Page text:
Friday, May 17, 2013

Unplugged Weddings: Do Or Don't?

When my cousin got married in March, all of us girls were waiting upstairs in her parents' bedroom while she took her photos. She took some alone, some with my aunt, some with my uncle, and some with each of her girls.

They were all taken in the same corner of the room, and I wanted to capture the experience as well.

unplugged wedding

Although that didn't exactly go as planned.

unplugged wedding

My photos were supposed to be of my cousin, but the focal point is the photographers. In theory, I could have pushed the photographers out of the way so I could capture the photo on my iPhone. But the truth is, no matter how good the camera on the iPhone (and it is pretty spectacular), I am not going to get a shot that is better than the one the professional photographer, with his equipment and expertise, is taking.

And while I would have loved to have this photo for my personal album ... so would my cousin. And that's why brides spend thousands of dollars for a photographer. The bride can't take her own photos, so she hires this person to do so.

What happens if this guy couldn't get the shot because me and the other girls in the wedding party ran in front of him to take it with our cell phones?

At the ceremony, I sat in the front row as my purse sat in the limo. No cell phone photos for me. Instead, I actually watched the ceremony and enjoyed every second of it through my own eyes, not through a camera screen. I don't have ceremony photos in my personal collection, but I'm okay with that because I have the entire ceremony remembered (and if I really wanted photos for myself, I could order them through the photographer's website).

I bring this all up because yesterday, my brother's girlfriend sent me an article written by a photographer about Unplugged Weddings.

The concept, she says, is simple. Ask your guests to refrain from taking photos.

Now, while that does sound harsh, guests taking photos can actually ruin the wedding photographer's shots.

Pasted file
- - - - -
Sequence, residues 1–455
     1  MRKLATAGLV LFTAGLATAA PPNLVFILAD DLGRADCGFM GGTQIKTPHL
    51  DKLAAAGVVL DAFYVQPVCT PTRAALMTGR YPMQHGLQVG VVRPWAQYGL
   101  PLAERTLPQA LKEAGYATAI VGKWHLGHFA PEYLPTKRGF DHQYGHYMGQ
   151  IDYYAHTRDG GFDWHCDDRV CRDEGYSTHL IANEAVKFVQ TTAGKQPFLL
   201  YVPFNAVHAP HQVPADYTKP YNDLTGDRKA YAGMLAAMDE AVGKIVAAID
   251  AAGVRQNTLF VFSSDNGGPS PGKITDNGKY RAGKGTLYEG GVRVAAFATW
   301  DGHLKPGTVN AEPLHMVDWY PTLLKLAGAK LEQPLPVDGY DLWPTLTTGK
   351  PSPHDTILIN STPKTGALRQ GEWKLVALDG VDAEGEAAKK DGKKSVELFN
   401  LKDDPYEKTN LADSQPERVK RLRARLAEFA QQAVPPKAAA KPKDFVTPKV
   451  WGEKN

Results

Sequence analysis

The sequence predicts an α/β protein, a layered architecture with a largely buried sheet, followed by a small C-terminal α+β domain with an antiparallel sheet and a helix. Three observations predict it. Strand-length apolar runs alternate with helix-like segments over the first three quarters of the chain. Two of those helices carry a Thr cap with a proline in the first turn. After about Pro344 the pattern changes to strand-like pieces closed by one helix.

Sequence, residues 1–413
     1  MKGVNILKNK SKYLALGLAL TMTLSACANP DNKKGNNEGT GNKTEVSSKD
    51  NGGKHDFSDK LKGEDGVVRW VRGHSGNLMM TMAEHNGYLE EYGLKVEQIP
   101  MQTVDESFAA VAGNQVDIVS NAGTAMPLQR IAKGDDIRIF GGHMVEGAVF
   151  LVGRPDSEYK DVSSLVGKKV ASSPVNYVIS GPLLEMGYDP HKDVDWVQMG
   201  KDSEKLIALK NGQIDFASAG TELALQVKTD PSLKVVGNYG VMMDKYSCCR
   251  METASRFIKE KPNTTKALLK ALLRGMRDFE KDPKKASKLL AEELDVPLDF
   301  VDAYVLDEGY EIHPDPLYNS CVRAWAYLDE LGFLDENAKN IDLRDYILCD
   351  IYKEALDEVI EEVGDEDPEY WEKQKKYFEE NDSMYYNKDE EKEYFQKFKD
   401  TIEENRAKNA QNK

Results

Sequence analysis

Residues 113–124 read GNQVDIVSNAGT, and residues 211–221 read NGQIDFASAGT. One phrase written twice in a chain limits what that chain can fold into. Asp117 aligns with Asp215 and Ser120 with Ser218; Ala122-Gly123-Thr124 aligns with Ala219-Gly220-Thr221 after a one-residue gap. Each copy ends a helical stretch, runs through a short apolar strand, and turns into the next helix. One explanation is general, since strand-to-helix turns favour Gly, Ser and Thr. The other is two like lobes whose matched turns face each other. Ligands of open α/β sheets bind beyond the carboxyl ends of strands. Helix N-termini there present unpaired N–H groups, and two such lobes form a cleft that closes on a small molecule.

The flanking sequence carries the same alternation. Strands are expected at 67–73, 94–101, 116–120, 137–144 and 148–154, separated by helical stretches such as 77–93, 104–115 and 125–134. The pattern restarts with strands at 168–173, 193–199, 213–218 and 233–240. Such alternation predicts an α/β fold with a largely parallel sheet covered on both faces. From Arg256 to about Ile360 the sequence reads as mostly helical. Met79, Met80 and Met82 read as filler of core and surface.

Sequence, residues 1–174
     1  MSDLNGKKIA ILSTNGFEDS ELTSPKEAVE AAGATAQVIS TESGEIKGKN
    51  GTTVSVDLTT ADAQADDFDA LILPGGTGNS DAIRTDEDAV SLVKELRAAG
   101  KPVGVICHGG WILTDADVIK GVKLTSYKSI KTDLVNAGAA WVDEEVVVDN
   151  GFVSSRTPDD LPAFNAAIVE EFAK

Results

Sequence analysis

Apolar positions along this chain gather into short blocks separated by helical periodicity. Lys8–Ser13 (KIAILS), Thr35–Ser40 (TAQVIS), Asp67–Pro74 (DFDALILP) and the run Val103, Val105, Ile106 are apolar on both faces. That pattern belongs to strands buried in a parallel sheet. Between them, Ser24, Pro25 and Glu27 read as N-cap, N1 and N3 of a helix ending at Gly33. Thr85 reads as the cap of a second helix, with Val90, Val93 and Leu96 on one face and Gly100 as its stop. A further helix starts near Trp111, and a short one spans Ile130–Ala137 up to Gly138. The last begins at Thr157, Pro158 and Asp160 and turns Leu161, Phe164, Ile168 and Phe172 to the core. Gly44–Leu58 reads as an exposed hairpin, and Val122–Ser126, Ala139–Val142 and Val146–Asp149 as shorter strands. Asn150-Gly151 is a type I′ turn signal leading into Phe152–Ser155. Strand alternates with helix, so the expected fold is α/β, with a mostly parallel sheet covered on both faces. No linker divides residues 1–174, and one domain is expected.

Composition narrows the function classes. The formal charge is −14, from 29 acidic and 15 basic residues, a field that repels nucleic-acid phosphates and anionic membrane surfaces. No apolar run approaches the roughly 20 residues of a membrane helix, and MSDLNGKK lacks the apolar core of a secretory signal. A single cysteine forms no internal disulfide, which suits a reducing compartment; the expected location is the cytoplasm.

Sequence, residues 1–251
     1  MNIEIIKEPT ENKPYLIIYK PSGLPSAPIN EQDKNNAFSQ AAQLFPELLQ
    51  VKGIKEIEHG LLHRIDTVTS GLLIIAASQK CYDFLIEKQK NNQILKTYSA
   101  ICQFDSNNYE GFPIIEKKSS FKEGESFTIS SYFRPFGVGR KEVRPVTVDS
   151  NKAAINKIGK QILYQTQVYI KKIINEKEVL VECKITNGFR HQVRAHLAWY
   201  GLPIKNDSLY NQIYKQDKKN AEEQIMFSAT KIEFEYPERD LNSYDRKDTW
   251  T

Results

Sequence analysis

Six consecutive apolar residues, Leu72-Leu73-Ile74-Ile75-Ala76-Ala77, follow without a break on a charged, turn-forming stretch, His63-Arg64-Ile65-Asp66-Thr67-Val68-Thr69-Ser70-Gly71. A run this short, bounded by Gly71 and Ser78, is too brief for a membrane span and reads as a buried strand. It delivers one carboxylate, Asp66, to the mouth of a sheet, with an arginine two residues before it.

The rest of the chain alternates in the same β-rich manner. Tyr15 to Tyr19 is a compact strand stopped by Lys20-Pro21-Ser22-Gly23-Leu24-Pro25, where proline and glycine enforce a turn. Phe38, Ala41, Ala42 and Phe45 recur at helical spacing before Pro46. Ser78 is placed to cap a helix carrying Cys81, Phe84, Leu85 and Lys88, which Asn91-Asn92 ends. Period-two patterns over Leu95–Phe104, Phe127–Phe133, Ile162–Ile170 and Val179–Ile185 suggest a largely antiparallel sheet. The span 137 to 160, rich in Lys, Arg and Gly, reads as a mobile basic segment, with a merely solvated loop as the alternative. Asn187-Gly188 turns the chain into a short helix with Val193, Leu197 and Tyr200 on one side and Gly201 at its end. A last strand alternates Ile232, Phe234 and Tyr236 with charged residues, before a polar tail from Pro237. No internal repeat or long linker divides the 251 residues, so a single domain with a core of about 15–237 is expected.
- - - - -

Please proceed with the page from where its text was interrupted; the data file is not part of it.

Case and point, this photo from the post on Corey Ann Photography:

unplugged wedding

Is that the shot you want in your wedding album of your dad walking your down the aisle?

Honestly, I don't think I could imagine asking my guests to refrain from taking photos during my wedding day. I would prefer to encourage them because they might get shots of things I didn't see. But it does run the risk of me never getting to see shots of things I want to see -- like my dad's face as we're coming down the aisle.

Cell phones make everyone a photographer, but before this, everyone took photos with a point and shoot camera, so this is nothing new. But the concept of an unplugged wedding? That's new to me ... and really worth considering, it seems.

BRIDAL BABBLE: What do you think about an unplugged wedding? Good or bad idea?


  1. I think it's a great idea, but people are so sensitive when it comes to weddings, you risk offending great aunt Mabel who just got camera phone and really wants to share the pics with her bridge club or some such nonsense.

    We gave everyone disposable cameras (which we still haven't developed 5 years later), and those when over really well.

  2. As someone who has attended weddings and also photographed them (as both a member of the audience and as the paid photographer), I'm divided on the issue. You do not want to risk offending friends and family, some of which have traveled quite a distance just to spend time with you on your special day, on the other hand, photographers need to be prepared for things like this. The audience taking photos at weddings isn't a new concept. As a photographer, things are not going to go how you planned and it's your job to make it work. If people are in your way, ask them politely to move for a moment. If there's a certain shot you want, let people know. I haven't had one single wedding guest ever say a word to me when I ask them nicely to move or refrain from taking a photo of their own until I'm finished. Weddings are hard to shoot. A good photographer does what it takes to get the photos that the bride and groom want. I've seen photographers send proofs back that had their thumbs in them. Obviously, that is not the sign of a good photographer. Not anyone with a digital camera can shoot a wedding and have the photos turn out.